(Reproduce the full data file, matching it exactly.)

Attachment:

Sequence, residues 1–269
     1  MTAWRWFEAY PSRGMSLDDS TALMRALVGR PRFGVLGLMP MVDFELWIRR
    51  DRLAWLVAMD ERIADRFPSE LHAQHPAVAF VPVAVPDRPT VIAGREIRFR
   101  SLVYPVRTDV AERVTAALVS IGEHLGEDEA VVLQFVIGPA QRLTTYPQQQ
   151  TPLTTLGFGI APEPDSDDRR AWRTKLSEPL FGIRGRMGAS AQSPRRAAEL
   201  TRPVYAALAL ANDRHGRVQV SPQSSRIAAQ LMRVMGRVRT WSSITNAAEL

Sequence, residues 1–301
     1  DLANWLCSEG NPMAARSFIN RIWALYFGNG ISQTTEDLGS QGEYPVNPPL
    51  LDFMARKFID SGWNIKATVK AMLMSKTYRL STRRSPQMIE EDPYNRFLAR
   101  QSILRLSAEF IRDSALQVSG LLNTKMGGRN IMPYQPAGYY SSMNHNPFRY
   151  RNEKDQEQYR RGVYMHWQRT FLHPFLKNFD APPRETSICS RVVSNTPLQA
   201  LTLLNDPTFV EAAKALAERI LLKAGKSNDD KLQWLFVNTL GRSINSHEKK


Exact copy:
Sequence, residues 1–269
     1  MTAWRWFEAY PSRGMSLDDS TALMRALVGR PRFGVLGLMP MVDFELWIRR
    51  DRLAWLVAMD ERIADRFPSE LHAQHPAVAF VPVAVPDRPT VIAGREIRFR
   101  SLVYPVRTDV AERVTAALVS IGEHLGEDEA VVLQFVIGPA QRLTTYPQQQ
   151  TPLTTLGFGI APEPDSDDRR AWRTKLSEPL FGIRGRMGAS AQSPRRAAEL
   201  TRPVYAALAL ANDRHGRVQV SPQSSRIAAQ LMRVMGRVRT WSSITNAAEL

Sequence, residues 1–301
     1  DLANWLCSEG NPMAARSFIN RIWALYFGNG ISQTTEDLGS QGEYPVNPPL
    51  LDFMARKFID SGWNIKATVK AMLMSKTYRL STRRSPQMIE EDPYNRFLAR
   101  QSILRLSAEF IRDSALQVSG LLNTKMGGRN IMPYQPAGYY SSMNHNPFRY
   151  RNEKDQEQYR RGVYMHWQRT FLHPFLKNFD APPRETSICS RVVSNTPLQA
   201  LTLLNDPTFV EAAKALAERI LLKAGKSNDD KLQWLFVNTL GRSINSHEKK